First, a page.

By Miriam Rossow

Every Christmas we pull out bins and bins of decorations. Well, actually, I get them out right after Thanksgiving; usually the Saturday after Thanksgiving. My favorite decoration is the nativity. I actually have about 50 different nativities. The kids and I counted them one year.

I have nativities from China and Paraguay. I have nativities that have been handed down from relatives. I have a cement nativity from Isabel Bloom that was given to Justin and me by his parents during our first few Christmases we were married.

I have nativities that the children made as art projects or even just because we needed something to do at home. I have ornaments that are nativities and wreaths that hold nativities.

And I have activity sets: you know, the nativity sets you let your kids play with and move around. When my oldest daughter was 3 or 4 she called all nativity sets, “activity sets.”

I have to be honest; I let my kids help put all the nativity sets out, even the breakable ones. So every year she would very gently help me place the nativities around the house. The cement one because it is large and heavy goes under the Christmas tree.

Naomi called the nativity set an activity set because she moved the pieces around. She would tell the Christmas story and she would set up the figures and get them into the action. I even remember having My Little Pony and Dora involved in the nativity scene as well….

Her favorite way to arrange the set was with all the people and animals facing baby Jesus. She would set them up in a circle around the baby Jesus in the manger. She loved to have baby Jesus at the center, and she loved to have everyone able to see Jesus and have their whole attention on Him.

…she loved to have everyone able to see Jesus and have their whole attention on Him.

As she maneuvered the characters she was able to retell the story. She was able to add herself into the story of Jesus along with other characters from her world, which I think really grasped well the fact that Jesus is for everybody!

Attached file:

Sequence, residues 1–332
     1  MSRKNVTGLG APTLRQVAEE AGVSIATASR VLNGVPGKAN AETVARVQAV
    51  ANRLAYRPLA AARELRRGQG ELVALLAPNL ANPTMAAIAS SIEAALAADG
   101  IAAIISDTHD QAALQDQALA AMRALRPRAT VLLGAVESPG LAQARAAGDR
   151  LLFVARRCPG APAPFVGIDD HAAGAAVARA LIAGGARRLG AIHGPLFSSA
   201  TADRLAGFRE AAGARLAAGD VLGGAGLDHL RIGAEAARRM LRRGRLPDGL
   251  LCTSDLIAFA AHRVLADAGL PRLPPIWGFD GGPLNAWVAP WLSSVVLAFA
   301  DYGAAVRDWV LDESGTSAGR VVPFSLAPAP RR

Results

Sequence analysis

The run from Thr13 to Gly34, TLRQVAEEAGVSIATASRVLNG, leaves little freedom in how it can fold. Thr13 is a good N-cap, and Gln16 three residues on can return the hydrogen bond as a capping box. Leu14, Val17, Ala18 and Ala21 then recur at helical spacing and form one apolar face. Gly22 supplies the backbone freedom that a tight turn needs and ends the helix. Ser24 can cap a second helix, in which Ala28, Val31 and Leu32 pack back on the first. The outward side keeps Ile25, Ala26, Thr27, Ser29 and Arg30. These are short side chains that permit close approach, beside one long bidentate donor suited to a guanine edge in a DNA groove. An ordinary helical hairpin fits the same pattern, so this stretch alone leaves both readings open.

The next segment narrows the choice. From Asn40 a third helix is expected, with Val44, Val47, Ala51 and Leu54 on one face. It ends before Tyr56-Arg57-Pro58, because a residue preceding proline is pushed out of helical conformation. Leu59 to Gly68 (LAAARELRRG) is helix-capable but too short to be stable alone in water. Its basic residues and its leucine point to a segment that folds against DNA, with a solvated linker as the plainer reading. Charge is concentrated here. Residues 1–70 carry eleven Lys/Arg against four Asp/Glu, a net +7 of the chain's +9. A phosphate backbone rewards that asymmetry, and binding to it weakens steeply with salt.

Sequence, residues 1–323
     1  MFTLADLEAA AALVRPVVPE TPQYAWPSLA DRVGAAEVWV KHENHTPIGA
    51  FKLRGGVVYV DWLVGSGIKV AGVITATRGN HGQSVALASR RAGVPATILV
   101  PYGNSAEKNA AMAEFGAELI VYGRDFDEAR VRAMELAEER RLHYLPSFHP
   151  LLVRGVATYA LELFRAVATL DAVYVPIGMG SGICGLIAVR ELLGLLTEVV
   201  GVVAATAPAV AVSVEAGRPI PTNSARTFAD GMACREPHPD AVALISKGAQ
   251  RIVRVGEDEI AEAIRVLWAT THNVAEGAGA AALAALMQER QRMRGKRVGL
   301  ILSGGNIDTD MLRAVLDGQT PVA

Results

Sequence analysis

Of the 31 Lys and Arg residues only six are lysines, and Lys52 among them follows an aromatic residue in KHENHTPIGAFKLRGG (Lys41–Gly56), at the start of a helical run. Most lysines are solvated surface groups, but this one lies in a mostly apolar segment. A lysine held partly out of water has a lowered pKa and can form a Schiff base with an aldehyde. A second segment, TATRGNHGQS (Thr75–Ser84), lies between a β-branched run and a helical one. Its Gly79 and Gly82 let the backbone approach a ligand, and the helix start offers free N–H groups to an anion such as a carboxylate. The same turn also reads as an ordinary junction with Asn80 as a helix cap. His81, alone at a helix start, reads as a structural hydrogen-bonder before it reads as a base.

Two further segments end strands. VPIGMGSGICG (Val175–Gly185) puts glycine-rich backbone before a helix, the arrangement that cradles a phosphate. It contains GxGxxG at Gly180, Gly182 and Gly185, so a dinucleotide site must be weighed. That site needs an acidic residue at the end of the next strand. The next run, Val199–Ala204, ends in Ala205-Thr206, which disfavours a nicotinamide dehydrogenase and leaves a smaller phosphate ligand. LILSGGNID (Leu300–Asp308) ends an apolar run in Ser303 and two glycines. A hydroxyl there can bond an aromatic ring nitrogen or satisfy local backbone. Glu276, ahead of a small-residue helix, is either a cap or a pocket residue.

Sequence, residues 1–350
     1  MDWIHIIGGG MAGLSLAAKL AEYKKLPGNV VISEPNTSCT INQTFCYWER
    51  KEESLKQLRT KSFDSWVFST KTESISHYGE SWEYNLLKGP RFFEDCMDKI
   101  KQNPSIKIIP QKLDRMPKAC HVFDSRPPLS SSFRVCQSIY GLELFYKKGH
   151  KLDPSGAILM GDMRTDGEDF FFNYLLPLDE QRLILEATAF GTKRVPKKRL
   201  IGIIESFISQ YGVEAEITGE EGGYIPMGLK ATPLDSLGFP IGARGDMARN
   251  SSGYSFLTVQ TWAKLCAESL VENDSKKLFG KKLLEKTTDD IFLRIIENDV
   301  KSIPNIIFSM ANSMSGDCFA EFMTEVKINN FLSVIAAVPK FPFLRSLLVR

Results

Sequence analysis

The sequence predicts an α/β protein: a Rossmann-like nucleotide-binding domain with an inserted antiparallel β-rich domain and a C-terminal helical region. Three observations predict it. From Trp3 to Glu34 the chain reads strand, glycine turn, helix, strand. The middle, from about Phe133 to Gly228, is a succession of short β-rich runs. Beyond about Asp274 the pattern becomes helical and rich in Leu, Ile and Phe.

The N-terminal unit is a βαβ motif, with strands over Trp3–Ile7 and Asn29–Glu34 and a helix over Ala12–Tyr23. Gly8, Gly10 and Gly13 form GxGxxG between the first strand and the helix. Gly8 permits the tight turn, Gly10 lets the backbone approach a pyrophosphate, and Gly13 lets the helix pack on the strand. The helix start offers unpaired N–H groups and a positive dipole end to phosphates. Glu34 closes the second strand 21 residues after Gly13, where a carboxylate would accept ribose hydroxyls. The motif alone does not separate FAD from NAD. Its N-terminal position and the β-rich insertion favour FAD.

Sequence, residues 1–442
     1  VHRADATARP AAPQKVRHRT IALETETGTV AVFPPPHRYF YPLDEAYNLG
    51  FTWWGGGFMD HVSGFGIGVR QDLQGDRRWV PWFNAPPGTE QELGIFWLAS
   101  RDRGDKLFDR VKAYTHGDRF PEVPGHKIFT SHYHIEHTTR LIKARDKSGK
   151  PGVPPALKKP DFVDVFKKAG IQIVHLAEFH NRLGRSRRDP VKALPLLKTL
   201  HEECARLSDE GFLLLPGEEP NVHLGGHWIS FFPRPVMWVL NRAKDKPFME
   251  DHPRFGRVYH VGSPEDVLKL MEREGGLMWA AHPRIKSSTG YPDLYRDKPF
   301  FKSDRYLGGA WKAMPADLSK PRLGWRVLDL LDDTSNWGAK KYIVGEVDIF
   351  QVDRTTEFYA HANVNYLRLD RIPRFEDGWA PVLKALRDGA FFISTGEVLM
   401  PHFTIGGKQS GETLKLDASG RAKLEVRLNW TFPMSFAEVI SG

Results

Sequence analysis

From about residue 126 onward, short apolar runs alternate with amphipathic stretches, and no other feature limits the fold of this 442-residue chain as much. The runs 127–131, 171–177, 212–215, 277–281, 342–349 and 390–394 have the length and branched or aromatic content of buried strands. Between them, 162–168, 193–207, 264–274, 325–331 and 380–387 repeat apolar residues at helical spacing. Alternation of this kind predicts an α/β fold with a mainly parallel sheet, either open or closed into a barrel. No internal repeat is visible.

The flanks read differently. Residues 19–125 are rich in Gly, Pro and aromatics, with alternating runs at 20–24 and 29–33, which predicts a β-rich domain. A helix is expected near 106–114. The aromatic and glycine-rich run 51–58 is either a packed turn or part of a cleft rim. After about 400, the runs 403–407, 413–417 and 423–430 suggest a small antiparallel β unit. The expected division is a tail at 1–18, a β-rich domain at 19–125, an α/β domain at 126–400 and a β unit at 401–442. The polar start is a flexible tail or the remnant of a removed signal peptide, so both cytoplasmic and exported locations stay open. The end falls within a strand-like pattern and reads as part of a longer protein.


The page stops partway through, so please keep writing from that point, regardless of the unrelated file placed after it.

The nativity might not get everything right about the story (the Magi were still a couple of years away, it may have been more of a cave than a stable, there is no mention of a donkey …). But what it does do is allow the story of Christmas to become part of your story.

When you bring a nativity scene into your home and let your children (whether age 5, 14, or 30) play with the characters and move them around, you are able to share the beautiful story of Jesus with each other and those who enter your house. Or maybe you can take one with you to share with whomever you meet.

…you are able to share the beautiful story of Jesus with each other and those who enter your house. Or maybe you can take one with you to share with whomever you meet.

Naomi had it right. The nativity is an activity set. It is not meant simply to be stared upon but to be moved and shared and told and retold. When you move the pieces and characters, telling and retelling the story, it comes to life and is easy to remember and hear for those who may not have heard it before.

So grab your activity set and share the story!


Our Advent worship this year is shaped by pieces of the Nativity. Join us Wednesday, November 18 at 6 p.m. for dinner, and program at 7 p.m on “The Importance of a Nativity in the Home”. Then begin the story of Advent with us, during Sunday Worship and Advent Midweek. We are excited to partner with pastors from our sister congregation, St. Paul-Ann Arbor, as we get caught up in the action of the nativity set, Jesus becoming flesh for us.

Advent Worship
Sundays at St. Luke, Living Water, ULC, and St. Paul
Wednesdays at St. Luke-Ann Arbor: meal beginning at 6:00 PM; family worship in the Great Room, 7:00 PM
Wednesdays at ULC: meal starting at 6:00 PM; Advent Worship 7:00 PM